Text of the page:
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Writing: So You Want to Write Fiction, Eh?

Here are the things I think a person who wants to write fiction (professionally) ought to do, and I will guarantee you right now that the list will be missing things I don't know about, but anyway:

1. Read a lot, in many categories. Read the award-winning and bestselling books (which are not always the same books) in your genre of choice, and also the ones in other genres, and the books your favorite author recommends, and non-fiction, and humor columns, and Savage Love. Read lots of short stories, too, especially if you want to write short stories. "Year's Best" anthologies and single-author collections each have their merits. Read your genre's magazines--this will teach you lots of things, especially what kinds of stories each one publishes. Remember to read the page that tells you the names of the editors and contributors, so that you begin to get a clue about who does what in the industry.

2. Also read lots of books about writing, especially the ones by and recommended by authors you like. This is a separate step because it's very important.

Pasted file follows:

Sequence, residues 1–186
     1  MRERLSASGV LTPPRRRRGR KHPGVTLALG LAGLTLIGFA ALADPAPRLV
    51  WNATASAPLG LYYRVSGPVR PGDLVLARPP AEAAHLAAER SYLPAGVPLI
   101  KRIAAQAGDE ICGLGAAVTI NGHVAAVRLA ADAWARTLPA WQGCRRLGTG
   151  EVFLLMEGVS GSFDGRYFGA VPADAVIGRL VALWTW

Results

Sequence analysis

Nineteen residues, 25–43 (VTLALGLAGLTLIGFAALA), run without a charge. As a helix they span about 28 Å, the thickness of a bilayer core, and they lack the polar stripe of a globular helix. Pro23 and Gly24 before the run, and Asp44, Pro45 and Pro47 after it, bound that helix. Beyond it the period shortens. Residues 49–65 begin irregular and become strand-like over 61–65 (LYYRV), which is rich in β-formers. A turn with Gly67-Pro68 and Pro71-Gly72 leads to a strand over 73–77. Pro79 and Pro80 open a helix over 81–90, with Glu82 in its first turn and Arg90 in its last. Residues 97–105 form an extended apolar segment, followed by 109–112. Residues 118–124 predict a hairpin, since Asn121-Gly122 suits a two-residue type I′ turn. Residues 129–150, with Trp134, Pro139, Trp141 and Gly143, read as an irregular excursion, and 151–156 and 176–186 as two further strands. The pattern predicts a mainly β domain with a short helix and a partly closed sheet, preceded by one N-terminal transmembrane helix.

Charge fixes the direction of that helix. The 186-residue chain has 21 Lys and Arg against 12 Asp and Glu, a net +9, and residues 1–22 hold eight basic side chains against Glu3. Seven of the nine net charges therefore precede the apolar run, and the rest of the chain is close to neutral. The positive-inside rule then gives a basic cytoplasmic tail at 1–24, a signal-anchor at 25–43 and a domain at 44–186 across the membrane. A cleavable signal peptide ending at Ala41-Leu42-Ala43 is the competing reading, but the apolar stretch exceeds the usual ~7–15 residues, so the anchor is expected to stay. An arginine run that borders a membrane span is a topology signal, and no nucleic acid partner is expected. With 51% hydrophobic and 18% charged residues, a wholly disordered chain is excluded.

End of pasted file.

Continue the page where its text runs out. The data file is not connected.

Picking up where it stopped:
3. But don't spend too much of each day reading. Don't forget to actually write. More about that later.

4. Also remember to get out of your house and have a life. No life = nothing to write about.

5. Learn how to generate and develop ideas that contain conflict, options for the characters, and multiple possibilities for resolution. I recommend two books for this learning process, and they are: From Idea to Story in 90 Seconds by Ken Rand, and What If? by Anne Bernays and Pamela Painter.

6. Don't ask published writers where they get their ideas. They don't like that. Most of them will either tell you that ideas are everywhere, or that they get them from an idea service in Schenectady.

7. Go to conventions where writers will be, though, and attend panels about writing until you've heard all of the topics at least twice and you know exactly what all of the authors will say. You'll eventually get to be on a panel, when you're published, so please don't be that person in the audience who rambles for five minutes at a time about their own pet writing project. You're there to listen and learn.